Season 7 of DEXTER, Sundays at 9 PM on Showtime, has been pedal to the metal the whole way. Michael C. Hall’s serial killer (of other killers) has not only been coping with the fact that his police lieutenant sister Debra, played by Jennifer Carpenter, has learned his big secret, but he’s also fallen in love with fellow serial killer Hannah McKay, played by Yvonne Strahovski, pissed off the Ukrainian mob and drawn the suspicions of Police Captain LaGuerta (Lauren Velez). There’s shocks, emotional revelation and danger at every turn.
With the season finale coming up this Sunday and next season pretty much set as DEXTER’s last, the suspense couldn’t be more intense.
Actor Hall, who previously was one of the stars on the five seasons of HBO’s SIX FEET UNDER, has an overall calm demeanor, but his enthusiasm for DEXTER and its new direction is evident as his discusses his Emmy-nominated gig.
ASSIGNMENT X: How do you feel about Season Seven overall?
MICHAEL C. HALL: Dexter [continues] to be Dexter and Deb [continues] to come to grips. It was nice that the cat was completely out of the bag at the end of the first episode. To have her halfway know – it was interesting for a time, but I’m glad that it happened quickly. Yeah, negotiating that relationship in the new landscape is a part of what Dexter has had to deal with, but what’s been interesting – while he’s not on trial in front of a jury or anything, he is on trial in a way with Deb, and you see Dexter defending himself and really making no apologies for what he’s done. I think he maybe makes some sort of hedging apology for putting her in an awkward situation, but he never apologizes to himself or to her for what he’s done. [He is] pretty resolved or resigned to the fact that he has no hope of really rehabilitating himself. I think it’s interesting to see him forced to defend himself to a degree, justify what he’s done and what he plans to continue to do and I think that’s really interesting. And it certainly is I think an interesting thing for Jennifer to play. I think the show has always been at his best when he’s in trouble – and he’s in a lot of trouble right now [laughs] and the water’s going to get hotter, not just on the Deb front, but on others as well. It’s sometimes bolder than others. But Dexter will certainly continue to do what he does.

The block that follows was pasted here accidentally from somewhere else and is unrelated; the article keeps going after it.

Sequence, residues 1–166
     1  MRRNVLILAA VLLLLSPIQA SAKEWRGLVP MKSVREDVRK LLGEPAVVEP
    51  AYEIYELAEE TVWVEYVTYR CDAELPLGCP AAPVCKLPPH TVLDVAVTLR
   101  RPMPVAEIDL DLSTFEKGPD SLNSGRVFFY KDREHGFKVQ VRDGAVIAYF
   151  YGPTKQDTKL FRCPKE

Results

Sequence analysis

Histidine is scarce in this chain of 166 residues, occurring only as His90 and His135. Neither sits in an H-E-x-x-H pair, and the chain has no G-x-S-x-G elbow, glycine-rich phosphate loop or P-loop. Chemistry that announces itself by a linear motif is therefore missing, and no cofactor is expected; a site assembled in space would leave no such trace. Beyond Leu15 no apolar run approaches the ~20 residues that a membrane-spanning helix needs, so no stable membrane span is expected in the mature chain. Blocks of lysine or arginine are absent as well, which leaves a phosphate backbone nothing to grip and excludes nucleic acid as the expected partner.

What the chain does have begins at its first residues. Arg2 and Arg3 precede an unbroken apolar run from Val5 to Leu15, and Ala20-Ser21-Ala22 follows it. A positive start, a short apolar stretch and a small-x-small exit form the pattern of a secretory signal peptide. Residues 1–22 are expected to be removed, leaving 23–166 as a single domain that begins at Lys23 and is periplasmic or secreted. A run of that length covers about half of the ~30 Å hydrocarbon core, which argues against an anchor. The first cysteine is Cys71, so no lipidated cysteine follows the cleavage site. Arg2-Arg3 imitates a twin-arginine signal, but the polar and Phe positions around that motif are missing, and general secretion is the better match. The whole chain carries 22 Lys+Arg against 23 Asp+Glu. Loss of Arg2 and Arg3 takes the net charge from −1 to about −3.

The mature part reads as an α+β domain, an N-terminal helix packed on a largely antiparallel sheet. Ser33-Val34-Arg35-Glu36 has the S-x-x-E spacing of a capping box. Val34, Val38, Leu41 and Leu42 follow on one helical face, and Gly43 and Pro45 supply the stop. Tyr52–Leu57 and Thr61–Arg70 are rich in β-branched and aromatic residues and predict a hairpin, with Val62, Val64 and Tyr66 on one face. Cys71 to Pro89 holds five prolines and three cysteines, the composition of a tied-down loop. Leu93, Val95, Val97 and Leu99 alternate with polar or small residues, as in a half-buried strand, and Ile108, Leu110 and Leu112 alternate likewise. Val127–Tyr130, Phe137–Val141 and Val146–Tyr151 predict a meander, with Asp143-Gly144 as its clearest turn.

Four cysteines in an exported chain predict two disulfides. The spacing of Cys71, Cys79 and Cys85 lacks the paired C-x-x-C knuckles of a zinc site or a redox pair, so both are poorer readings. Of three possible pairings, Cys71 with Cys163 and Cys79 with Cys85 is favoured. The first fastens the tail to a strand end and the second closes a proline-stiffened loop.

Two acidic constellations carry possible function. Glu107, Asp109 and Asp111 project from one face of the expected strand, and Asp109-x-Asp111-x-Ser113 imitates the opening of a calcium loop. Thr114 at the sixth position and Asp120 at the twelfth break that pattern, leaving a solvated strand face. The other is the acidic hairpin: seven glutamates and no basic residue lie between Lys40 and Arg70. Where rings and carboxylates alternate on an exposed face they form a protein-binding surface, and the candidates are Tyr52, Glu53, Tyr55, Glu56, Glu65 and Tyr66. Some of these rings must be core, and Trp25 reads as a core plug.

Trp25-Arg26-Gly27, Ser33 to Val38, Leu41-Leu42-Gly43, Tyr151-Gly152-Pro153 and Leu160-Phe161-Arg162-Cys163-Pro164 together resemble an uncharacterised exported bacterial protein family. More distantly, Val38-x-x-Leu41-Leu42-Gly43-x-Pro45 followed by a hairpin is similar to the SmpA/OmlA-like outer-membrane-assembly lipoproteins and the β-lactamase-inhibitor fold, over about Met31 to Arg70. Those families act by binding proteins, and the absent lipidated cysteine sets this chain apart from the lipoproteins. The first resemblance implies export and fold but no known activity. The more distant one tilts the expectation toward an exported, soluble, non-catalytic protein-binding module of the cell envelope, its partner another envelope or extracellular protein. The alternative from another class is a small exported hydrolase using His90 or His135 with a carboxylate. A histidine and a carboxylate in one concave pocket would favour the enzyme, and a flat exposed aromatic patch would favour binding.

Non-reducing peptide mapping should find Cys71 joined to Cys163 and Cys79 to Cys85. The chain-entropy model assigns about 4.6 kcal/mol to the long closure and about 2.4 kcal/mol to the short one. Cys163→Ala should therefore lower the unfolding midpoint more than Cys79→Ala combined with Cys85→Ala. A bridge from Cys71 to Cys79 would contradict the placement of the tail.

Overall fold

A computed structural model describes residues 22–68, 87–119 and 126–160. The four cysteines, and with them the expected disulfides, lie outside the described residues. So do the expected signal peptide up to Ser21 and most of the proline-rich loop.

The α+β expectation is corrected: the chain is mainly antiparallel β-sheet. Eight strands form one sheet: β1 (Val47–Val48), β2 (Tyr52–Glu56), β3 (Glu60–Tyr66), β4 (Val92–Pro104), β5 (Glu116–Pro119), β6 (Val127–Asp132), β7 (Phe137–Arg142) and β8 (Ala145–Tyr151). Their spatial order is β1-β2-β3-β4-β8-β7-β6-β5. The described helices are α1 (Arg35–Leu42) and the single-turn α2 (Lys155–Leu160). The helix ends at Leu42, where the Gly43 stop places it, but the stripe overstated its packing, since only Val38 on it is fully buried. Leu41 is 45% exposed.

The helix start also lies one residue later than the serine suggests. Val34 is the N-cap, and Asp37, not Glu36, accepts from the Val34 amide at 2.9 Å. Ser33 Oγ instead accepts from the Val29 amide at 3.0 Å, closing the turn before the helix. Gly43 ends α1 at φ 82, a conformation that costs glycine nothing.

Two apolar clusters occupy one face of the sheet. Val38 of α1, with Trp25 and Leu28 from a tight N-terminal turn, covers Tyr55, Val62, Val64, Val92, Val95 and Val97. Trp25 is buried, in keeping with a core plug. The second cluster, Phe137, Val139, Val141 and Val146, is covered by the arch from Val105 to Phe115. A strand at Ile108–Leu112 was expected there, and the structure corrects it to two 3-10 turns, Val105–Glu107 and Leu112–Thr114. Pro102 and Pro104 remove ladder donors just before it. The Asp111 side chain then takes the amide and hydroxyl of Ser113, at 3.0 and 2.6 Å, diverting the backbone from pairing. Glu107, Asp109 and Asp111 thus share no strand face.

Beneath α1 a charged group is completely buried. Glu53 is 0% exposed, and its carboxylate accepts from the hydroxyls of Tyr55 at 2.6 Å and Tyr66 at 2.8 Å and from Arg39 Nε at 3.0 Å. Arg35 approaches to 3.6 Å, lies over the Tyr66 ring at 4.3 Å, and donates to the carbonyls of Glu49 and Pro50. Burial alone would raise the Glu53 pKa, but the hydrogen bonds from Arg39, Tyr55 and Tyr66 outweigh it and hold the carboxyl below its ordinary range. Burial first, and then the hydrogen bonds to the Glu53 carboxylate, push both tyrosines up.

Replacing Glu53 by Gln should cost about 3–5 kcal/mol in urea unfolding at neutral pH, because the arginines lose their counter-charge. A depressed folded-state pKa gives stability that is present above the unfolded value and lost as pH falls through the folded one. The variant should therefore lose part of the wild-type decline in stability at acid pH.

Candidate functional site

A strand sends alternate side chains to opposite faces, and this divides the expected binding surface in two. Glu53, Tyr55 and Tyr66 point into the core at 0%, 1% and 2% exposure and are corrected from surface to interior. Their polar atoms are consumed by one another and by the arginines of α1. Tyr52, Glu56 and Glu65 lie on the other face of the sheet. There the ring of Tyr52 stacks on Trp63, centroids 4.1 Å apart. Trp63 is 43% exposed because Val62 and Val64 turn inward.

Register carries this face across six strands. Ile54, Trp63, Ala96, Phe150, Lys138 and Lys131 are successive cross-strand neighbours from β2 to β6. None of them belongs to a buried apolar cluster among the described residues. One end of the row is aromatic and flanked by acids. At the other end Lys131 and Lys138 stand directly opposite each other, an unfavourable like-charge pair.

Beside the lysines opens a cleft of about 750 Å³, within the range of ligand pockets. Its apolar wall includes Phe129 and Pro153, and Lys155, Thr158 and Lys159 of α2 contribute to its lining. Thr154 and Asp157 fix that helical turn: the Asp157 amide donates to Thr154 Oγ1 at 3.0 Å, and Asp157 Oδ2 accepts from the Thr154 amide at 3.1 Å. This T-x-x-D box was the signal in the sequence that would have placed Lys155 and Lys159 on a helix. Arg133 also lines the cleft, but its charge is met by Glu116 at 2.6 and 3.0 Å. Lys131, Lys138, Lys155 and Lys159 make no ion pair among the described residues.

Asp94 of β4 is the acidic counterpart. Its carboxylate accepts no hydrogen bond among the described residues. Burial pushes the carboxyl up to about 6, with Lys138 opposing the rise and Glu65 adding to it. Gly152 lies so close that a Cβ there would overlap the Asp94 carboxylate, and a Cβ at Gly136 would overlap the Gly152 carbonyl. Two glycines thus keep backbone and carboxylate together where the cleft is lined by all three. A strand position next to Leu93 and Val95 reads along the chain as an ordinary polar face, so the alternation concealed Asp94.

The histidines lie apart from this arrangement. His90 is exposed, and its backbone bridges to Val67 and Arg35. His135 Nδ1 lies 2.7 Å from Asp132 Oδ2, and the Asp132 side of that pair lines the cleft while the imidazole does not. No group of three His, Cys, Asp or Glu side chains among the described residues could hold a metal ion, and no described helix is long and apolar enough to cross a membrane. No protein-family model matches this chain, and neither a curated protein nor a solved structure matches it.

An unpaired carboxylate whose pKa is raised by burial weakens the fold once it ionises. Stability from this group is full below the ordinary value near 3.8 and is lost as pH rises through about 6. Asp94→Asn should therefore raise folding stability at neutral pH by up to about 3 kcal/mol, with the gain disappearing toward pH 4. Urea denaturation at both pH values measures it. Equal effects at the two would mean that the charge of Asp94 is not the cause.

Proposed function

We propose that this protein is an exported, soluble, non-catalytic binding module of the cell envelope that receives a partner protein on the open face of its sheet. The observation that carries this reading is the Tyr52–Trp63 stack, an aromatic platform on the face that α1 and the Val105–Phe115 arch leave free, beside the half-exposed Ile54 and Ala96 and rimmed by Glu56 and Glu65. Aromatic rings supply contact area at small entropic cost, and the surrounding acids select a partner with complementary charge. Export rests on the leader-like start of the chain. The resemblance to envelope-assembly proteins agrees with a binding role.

AX: Was there a lot of discussion beforehand in the writers room about Dexter so quickly acknowledging to Deb who he is and what he’s done?